Master of Arts (MA)
Mark Van Selst
Body Satisfaction, Mindfulness, Mood
Research has indicated that body dysmorphic disorder (BDD) and eating disorder
interventions have historically targeted clinically diagnosed individuals. These
interventions target specific predicting risk factors such as negative affect and body
dissatisfaction. The current study focused on the relationship between negative affect and
body dissatisfaction for a nonclinical population. The central questions were (i) whether
the posited relationship between negative affect and body dissatisfaction could be
replicated for a nonclinical population and (ii) if interventions that target mood would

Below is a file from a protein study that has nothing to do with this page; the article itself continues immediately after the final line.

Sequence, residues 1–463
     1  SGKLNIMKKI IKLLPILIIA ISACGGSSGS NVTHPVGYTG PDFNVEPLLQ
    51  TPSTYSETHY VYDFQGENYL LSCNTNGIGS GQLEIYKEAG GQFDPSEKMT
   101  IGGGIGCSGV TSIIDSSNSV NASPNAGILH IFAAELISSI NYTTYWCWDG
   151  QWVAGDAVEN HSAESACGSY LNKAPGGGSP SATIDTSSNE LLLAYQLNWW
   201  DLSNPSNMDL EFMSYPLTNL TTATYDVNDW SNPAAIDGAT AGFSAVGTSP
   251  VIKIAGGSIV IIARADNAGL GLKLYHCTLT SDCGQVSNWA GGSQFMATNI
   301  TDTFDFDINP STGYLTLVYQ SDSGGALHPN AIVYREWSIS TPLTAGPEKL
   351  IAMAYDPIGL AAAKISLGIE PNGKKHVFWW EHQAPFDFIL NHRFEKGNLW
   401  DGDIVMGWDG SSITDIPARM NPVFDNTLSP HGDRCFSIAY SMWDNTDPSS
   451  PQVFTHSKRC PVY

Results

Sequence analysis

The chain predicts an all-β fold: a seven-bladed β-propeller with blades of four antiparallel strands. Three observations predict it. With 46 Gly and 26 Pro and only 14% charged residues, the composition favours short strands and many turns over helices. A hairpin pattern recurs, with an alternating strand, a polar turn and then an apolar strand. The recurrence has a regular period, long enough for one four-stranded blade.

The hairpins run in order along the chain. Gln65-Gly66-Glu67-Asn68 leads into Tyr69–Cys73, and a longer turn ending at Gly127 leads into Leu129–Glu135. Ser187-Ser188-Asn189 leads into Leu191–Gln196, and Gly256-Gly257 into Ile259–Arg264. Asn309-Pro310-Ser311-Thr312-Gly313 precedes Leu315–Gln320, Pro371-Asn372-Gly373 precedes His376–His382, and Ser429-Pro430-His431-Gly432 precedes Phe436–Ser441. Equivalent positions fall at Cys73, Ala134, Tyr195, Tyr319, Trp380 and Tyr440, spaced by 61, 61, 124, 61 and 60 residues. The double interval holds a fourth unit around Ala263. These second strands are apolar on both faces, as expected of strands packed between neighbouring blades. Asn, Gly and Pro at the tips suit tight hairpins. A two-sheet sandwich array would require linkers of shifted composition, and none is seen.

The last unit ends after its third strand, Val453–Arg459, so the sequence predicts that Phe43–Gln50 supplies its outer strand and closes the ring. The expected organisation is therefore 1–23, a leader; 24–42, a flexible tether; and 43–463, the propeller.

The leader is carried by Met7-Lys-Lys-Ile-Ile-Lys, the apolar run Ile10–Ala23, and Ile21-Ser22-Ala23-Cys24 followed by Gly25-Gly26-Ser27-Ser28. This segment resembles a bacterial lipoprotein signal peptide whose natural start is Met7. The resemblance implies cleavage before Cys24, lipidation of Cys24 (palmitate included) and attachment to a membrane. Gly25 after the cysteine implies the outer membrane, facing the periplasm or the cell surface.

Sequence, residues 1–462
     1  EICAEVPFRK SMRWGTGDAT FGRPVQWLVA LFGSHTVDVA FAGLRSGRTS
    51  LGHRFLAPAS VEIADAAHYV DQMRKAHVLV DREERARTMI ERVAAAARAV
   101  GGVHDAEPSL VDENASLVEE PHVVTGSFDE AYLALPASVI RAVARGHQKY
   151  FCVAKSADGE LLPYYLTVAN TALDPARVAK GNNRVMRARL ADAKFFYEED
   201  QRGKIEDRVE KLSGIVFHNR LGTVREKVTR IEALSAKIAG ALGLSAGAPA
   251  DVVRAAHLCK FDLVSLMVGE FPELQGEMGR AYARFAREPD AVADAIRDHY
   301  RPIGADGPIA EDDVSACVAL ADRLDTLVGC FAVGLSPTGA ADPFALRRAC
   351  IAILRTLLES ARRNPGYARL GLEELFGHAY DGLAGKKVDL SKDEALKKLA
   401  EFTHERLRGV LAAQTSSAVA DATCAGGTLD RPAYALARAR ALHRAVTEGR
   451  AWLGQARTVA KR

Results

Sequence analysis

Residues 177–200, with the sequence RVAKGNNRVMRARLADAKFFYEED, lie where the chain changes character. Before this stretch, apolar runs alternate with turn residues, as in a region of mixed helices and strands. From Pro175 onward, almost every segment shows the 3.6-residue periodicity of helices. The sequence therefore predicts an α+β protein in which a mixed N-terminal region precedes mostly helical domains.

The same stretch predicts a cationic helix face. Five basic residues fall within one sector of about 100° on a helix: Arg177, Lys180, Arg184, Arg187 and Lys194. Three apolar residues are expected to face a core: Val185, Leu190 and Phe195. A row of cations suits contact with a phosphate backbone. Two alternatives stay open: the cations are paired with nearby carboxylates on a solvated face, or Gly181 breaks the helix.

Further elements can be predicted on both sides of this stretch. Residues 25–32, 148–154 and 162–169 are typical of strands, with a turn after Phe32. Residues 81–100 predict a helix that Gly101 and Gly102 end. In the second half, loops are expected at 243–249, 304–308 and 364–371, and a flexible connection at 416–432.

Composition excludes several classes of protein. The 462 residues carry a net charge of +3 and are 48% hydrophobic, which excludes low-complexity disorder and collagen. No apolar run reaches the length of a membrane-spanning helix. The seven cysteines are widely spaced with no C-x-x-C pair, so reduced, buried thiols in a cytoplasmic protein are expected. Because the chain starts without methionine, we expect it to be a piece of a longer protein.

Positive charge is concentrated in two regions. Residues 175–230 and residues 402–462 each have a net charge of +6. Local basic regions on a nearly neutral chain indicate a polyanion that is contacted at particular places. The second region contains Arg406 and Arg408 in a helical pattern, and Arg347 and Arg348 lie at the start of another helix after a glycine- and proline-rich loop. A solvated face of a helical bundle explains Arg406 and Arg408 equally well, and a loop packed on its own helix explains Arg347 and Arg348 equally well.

also lead to increases in self-perceived body satisfaction. The efficacy of mood
interventions as a means to target body dissatisfaction was investigated. Experiment 1
demonstrated the effectiveness of the negative mood manipulation in decreasing mood
and body satisfaction. In contrast, Experiment 2 demonstrated the effectiveness of the
positive mood manipulation in increasing mood and body satisfaction. Experiment 3
examined the effectiveness of the proposed body dissatisfaction interventions, a positive
mood induction and a body scan mindfulness meditation, in increasing mood and body
satisfaction. Positive affect and body satisfaction significantly increased over time
following the proposed body dissatisfaction interventions and the control manipulation.
Implications of the results and future directions are discussed.
Rodgers, Gabrielle Mary, "Can Positive Mood or Mindfulness Interventions Increase Body Satisfaction?" (2016). Master's Theses. 4703.
Available for download on Thursday, December 21, 2017